# Internal Mouthpiece

Discharge and Pressure in an Internal Mouthpiece

**Contents**

## Introduction

An internal mouthpiece, extending into the fluid (i.e., inside the vessel) is known as**Re-entrant**or

**Borda's**mouthpiece. There are mainly two types of internal mouthpieces depending upon their nature of discharge:

**Mouthpiece running free****Mouthpiece running full**

### Mouthpiece Running Free

- If the jet, after contraction, does not touch the sides of the mouthpiece, it is said to be
**running free**as shown in fig-1. It has been experimentally found that if the length of the mouthpiece extending into the fluid is less than 3 times the diameter of the orifice, it will run free. Consider a mouthpiece running free. Let,- = Height of liquid above the mouthpiece,
- = Area of orifice or mouthpiece,
- = Area of the contracted jet,
- = Velocity of the liquid
- = Specific weight of the liquid

### Mouthpiece Running Full

- If the jet, after contraction, expands and fills up the whole mouthpiece, it is said to be
**running full**as shown in fig-2. If the length of the mouthpiece is more than 3 times the diameter of the orifice, it will run full. Consider a mouthpiece running full. Let,- = Height of liquid above the mouthpiece,
- = Area of the flow at the vena contracta,
- = Velocity of the liquid at the outlet
- = Velocity of the liquid at the vena contracta

*A*and*B*, Actual Discharge = We know that theoretical discharge Coefficient of discharge,C_{d}= Actual discharge / Theoretical discharge and discharge,

Example:

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##### Example - Discharge through an Internal Mouthpiece running free

Problem

A Borda's mouthpiece of 50mm diameter is provided on one side of a tank containing water up to a height of 3m above the center line or the orifice. Find the discharge through the mouthpiece, if the mouthpiece is running free.

Workings

Given,

- = 50 mm = 0.05m
- = 3m

Solution

The discharge through the mouthpiece = 7.53 liters/s

## Pressure In An Internal Mouthpiece

Consider a vessel, open to atmosphere at its top, having an orifice with an internal mouthpiece, as shown in fig-3. We know that the jet of the liquid, on entering the mouthpiece, will first contract up to vena contracta*C*and then expand and fill up the whole orifice as shown in figure. Let,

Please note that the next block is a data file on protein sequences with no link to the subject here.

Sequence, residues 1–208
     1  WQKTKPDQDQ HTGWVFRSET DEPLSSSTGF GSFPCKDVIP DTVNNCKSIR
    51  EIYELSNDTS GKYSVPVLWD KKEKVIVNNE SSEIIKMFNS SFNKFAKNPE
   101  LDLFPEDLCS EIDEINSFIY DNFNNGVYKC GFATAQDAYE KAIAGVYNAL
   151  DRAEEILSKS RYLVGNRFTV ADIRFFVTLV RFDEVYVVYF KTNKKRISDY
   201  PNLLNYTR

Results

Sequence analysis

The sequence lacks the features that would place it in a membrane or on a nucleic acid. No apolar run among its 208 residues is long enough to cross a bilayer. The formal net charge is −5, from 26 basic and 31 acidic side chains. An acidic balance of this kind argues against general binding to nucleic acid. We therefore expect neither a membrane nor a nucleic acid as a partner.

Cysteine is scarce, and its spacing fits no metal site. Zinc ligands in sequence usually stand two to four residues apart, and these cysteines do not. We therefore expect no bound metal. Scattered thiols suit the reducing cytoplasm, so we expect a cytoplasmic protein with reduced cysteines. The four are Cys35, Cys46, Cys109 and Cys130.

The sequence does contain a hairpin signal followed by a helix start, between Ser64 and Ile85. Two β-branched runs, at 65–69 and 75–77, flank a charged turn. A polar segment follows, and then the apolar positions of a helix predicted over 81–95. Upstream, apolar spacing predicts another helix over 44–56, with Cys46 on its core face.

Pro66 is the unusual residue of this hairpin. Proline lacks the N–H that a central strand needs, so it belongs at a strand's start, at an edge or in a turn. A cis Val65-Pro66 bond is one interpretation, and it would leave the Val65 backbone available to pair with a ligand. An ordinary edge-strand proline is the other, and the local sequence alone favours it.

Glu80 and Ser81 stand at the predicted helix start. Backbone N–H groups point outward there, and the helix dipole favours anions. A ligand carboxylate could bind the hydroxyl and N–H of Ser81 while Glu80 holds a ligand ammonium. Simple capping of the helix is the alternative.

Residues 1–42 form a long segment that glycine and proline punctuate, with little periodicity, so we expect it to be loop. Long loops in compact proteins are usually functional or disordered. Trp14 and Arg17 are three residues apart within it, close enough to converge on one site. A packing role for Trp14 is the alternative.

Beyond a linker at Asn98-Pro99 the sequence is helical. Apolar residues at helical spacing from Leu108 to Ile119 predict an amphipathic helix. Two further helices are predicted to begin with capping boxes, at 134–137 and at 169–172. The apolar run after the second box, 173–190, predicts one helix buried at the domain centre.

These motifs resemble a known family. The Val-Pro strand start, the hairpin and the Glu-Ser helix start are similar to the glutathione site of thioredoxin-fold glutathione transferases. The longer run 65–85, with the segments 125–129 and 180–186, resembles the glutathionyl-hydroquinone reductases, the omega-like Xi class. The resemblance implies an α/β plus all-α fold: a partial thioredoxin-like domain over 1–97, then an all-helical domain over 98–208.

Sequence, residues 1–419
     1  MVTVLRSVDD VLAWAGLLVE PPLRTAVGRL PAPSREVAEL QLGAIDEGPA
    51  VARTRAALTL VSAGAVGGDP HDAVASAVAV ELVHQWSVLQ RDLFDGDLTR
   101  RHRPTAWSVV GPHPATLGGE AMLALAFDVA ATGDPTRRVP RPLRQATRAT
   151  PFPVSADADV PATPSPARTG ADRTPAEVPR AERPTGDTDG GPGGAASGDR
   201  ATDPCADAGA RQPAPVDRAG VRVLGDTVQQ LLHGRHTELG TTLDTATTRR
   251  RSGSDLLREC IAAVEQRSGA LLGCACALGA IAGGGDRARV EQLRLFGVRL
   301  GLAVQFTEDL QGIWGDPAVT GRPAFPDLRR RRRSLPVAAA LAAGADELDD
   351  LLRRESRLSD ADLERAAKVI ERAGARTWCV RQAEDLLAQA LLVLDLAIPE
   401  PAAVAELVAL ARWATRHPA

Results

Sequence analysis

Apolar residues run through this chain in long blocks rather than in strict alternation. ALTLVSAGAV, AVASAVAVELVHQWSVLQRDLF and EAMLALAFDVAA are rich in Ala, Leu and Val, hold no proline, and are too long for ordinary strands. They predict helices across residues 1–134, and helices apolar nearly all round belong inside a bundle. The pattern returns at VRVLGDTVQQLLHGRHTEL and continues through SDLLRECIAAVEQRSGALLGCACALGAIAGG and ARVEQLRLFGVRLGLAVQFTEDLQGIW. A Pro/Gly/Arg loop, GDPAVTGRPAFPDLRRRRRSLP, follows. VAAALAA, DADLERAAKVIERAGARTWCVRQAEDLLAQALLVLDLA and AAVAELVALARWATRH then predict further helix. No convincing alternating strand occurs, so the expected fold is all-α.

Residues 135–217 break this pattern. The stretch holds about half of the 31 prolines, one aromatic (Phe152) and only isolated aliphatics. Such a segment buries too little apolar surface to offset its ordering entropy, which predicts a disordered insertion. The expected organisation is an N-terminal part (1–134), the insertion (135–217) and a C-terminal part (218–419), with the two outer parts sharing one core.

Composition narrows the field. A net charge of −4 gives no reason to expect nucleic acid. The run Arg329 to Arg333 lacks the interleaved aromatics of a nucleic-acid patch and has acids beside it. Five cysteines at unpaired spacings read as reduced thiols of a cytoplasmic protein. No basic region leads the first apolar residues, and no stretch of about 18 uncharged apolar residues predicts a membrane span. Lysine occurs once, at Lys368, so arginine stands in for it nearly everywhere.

- = Atmospheric pressure head
- = Height of liquid above the mouthpiece
- = Absolute pressure head at vena contracta
- = Coefficient of contraction
- = Velocity of liquid at outlet
- = Velocity of liquid at vena contracta

*A*and

*C*, From equation (5) we know that, substituting the value of in equation (7) This shows that the absolute pressure head at vena contracta is less than the atmospheric pressure by an amount equal to height of the liquid above the vena contracta. A little consideration will show that the absolute pressure head at vena contracta will be zero, when of water It means that if this condition is reached (i.e., height of water above the mouthpiece reaches 10.3m), the flow of the liquid would be no longer steady. This means that the mouthpiece will not run full at its outlet and the jet will flow straight without touching the walls of the mouthpiece. But, in actual practice, this condition also reaches at 7.5 m.

Example:

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##### Example - Pressure in an Internal Mouthpiece

Problem

A re-entrant mouthpiece of 75mm diameter is discharging water under a constant head of 3.5m. Determine the absolute pressure head at vena contracta, if the atmosphere pressure head be 10.3 m of water.

Workings

Given,

- = 75 mm = 0.075 m
- = 3.5 m
- = 10.3 m

Solution

Absolute pressure head = 6.8 m